Culture

A Woman's Ode to Dry Humping

Celebrating the Sex Act Men Are Most Likely to Ignore

By Bailey Edwards ·
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Photo: BDLM/Getty Images
“I found when [losing my virginity] happened that I really like dry humping more.” - Christine, Lady Bird

Last Friday, over several glasses of mediocre wine, my friends and I got in an impassioned conversation about our mutual love of dry humping. We all, at some point or another in our friendship, knew or assumed that the others enjoyed a good dry hump, but for some reason there was something especially freeing about celebrating our love of the over-the-clothes grind. It was a rough week—between the continual flood of accusations of sexual harassment at the hands of powerful men, and Trump's continued decimation of the foundations of our democracy—we were exhausted. We're all working women in our late 20s and early 30s; women who have been having sex for about half of our lives. You'd be hard pressed to find one of us at the table who hadn't tried something. And yet, on a rainy Friday evening, all any of us could really do is recollect dreamily on our very first dry hump, celebrate our most recent dry hump and fantasize about the next one.  

But why? 2015 and 2016 seemed to be the years of celebrating ass play. Eating ass was in. And I'm not here to shame anyone for that (girl, do you), but I am here to say that I'm all about that dry hump life. Most of my partners would likely attest to that, but I'm not sure it's something I've proclaimed publically. Frankly, it's something that I'd be embarrassed to admit for fear of being told my preference is juvenile. I should have, theoretically, left any love of dry humping back with the first boy with frosted tips who gave me an orgasm in Abercrombie corduroys. Popular sexual culture suggests that my sexual preferences should have evolved into more sophisticated methods of achieving an orgasm.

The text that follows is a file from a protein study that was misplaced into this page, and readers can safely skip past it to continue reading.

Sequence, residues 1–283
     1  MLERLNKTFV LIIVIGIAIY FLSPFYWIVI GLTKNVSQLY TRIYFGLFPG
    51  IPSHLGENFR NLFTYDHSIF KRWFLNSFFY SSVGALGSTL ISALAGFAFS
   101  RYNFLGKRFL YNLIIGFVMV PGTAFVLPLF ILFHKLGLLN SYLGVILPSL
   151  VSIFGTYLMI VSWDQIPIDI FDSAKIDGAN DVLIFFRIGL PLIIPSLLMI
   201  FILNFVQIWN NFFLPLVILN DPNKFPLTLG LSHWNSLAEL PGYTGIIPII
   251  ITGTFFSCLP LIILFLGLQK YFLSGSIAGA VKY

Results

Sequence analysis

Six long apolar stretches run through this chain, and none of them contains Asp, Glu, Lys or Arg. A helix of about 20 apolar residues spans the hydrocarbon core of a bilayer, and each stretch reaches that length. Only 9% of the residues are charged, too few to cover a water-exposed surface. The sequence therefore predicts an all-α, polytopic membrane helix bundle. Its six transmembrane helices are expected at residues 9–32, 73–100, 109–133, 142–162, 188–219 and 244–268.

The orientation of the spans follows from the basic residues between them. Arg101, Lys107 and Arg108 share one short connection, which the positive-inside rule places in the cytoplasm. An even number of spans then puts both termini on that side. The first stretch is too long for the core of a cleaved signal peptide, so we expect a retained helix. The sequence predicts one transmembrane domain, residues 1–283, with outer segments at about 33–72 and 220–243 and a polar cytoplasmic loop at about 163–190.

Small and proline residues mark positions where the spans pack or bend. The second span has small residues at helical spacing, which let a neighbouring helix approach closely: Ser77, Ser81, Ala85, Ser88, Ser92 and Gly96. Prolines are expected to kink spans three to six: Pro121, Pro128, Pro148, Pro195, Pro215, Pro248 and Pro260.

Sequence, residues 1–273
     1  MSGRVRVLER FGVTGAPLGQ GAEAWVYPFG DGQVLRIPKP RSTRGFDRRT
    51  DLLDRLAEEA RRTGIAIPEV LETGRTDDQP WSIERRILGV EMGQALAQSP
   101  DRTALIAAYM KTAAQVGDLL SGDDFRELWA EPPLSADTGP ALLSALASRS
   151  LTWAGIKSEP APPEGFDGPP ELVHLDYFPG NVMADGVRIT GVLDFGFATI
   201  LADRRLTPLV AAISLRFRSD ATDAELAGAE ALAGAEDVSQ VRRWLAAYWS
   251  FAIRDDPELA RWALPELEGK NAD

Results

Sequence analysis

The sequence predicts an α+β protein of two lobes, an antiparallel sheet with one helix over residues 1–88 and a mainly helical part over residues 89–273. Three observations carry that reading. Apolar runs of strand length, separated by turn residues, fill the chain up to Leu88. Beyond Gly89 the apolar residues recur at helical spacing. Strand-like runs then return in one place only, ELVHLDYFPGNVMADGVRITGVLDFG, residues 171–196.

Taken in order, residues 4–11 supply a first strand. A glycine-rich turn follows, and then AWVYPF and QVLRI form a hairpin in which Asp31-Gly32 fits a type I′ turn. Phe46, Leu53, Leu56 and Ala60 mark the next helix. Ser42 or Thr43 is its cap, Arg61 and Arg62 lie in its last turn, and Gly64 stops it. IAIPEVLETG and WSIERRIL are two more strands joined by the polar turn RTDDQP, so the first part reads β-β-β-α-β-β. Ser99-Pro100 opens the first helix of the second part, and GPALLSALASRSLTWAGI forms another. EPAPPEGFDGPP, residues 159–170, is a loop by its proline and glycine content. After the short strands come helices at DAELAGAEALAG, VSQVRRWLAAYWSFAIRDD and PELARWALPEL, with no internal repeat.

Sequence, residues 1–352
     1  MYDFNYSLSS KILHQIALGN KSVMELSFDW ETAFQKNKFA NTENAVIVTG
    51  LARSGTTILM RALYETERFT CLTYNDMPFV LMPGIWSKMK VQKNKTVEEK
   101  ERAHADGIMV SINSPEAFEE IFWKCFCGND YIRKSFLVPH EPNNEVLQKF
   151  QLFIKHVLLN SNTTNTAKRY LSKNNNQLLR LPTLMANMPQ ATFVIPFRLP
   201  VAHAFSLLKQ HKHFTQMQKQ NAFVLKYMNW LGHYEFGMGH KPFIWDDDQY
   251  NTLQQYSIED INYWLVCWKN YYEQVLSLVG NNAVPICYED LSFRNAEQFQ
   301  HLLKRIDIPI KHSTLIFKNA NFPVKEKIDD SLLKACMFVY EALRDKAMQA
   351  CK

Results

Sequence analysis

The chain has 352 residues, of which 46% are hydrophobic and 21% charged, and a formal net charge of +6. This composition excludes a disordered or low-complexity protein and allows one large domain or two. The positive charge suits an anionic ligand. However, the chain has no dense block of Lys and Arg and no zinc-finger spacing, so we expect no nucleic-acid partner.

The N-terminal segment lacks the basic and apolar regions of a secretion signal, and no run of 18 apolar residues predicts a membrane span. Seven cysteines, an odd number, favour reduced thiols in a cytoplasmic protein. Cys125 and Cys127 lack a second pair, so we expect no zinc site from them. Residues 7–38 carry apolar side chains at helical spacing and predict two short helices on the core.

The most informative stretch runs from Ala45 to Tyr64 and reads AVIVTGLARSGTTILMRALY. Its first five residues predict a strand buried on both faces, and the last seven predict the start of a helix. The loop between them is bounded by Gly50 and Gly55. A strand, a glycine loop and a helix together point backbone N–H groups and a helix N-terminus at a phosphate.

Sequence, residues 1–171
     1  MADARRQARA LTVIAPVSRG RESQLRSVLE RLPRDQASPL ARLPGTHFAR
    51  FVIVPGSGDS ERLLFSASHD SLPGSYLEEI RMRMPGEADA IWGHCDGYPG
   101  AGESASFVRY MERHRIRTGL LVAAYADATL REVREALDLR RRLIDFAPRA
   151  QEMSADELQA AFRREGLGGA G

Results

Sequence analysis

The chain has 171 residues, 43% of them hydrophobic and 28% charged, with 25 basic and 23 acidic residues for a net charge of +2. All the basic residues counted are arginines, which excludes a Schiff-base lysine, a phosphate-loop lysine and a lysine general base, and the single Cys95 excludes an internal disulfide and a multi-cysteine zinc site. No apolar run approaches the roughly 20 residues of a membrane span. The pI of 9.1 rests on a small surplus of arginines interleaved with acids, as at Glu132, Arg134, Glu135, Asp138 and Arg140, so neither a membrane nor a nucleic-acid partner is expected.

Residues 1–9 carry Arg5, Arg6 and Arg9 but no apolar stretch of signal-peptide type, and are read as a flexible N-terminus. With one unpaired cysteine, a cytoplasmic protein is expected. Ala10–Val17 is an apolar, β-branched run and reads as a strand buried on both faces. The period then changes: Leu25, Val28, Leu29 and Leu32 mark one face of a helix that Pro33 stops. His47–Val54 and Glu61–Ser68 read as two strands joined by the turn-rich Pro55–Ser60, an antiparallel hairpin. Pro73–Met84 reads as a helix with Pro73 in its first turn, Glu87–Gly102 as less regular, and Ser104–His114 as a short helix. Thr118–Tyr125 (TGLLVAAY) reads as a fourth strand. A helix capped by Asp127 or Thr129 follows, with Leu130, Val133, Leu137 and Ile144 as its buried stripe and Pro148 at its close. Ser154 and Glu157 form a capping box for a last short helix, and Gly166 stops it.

But, alas, they haven't! I loved it then and I still love it today. Dry humping was my first introduction to the endless possibilities of my vagina, which up until then felt like a black hole of questions. The truth is that early sexual education doesn't really focus on teaching young girls about their body parts in an empowering or constructive way. Growing up in Texas, all I learned about was how not to get pregnant (hint: it involved not doing it at all and dreaming about our future husbands), how to fear my own period, and what clothes to wear so we didn't inadvertently tempt prepubescent boys. Don't you dare wear a spaghetti strap to school or you might give a boy a boner! And how bad that would be, you naughty little vagina-haver. So I did as I was told. Even in that Texas heat, I didn't wear spaghetti strap tank tops to school. And like a good girl who only heard about orgasms in the context of the boys her age, I dutifully let my first boyfriend finger me with a hurried cadence and excruciating pressure in the back of his forest green Honda Accord. It was painful. I remember thinking how I must not be a sexual person, or maybe there was something fundamentally wrong with me. My vagina felt like something I'd never benefit from, and only existed to serve the boys who seemed to like it so much. It wasn't mine so much as it was something valuable I owned, but didn't have the right to enjoy myself.